With one of the highest concentrations of residents ages 75 and over, Great Neck Jews are also some of the most engaged in the New York area, according to the Jewish Community Study of New York: 2011 Geographic Profile.
The report, UJA-Federation of New York’s second in the series drawn from the latest decennial study of New York’s Jewish population, provides area by area details at a local level of Jewish communities — including Great Neck.
“The Geographic Profile,” explained UJA-Federation of New York President Jerry W. Levin, “provides information on a very localized level so that the entire New York Jewish community can better understand the crucial distinctions among the many areas that make up our eight county catchment area.”
Information on the characteristics, needs, engagement and connections, and philanthropic patterns of 1.54 million Jewish residents shows some interesting findings regarding Great Neck Jews.
Jewish community engagement is higher in more Jewishly-dense neighborhoods where Jews compose a large proportion of the population, for example, in parts of Brooklyn and also in Great Neck, according to the report.
Great Neck has one of highest levels of Jewish community engagement along with Borough Park; Williamsburg; The Five Towns; Flatbush, Midwood, Kensington, South-Central Westchester, Kew Gardens Hills, Jamaica, Fresh Meadows also named.
The report includes a statistical profile of Nassau County and its primary Jewish areas of Great Neck, Roslyn, Port Washington, Glen Cove, Old Westbury, Oyster Bay, Plainview, Syosset, Jericho, Merrick, Bellmore, East Meadow, Massapequa Oceanside, Long Beach, West Hempstead, Valley Stream and Five Towns.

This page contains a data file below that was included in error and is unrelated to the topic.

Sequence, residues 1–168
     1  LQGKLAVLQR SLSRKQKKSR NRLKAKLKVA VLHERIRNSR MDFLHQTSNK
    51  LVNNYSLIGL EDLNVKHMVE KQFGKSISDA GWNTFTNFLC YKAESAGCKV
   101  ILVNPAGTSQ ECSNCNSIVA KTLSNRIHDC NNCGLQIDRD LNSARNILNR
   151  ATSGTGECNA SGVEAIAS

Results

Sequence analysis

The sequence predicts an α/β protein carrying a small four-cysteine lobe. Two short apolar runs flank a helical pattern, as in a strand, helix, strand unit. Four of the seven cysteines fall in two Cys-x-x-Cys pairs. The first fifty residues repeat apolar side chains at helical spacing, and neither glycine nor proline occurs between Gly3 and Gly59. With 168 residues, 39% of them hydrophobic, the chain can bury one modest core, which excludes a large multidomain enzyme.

The four distinct areas with large Jewish populations that would each qualify as one of America’s 20 largest Jewish communities are the Upper West Side of Manhattan, and in Brooklyn, Borough Park, Williamsburg and Flatbush/Midwood/Kensington.
Nassau ranked as the third-largest county in terms of its Jewish population with the highest proportion of married or partnered Jewish households among all the eight counties, according to the study.
The second-highest proportion of wealthy Jewish households, after Westchester, was in Nassau which has the highest proportion of Conservative-identified Jews among the eight counties.
Two of the six most Jewishly engaged areas are in Nassau County include the Five Towns and Great Neck areas, with high levels of Jewish engagement characterizing areas at both ends of the income spectrum.
The Jewish community in the eight-county New York area is diverse and has grown nine percent since the 2002 study. The geographic profile reports that growth was 13 percent or more in 11 areas with the greatest growth in Washington Heights, Borough Park, Williamsburg and the Forest Hills/Rego Park/Kew Gardens area.
Lower Manhattan East — comprising the Lower East Side, Gramercy Park, and Murray Hill — experienced the greatest numerical loss, approximately 17,000.
Households with Jewish LGBT individuals are especially numerous in Lower Manhattan West.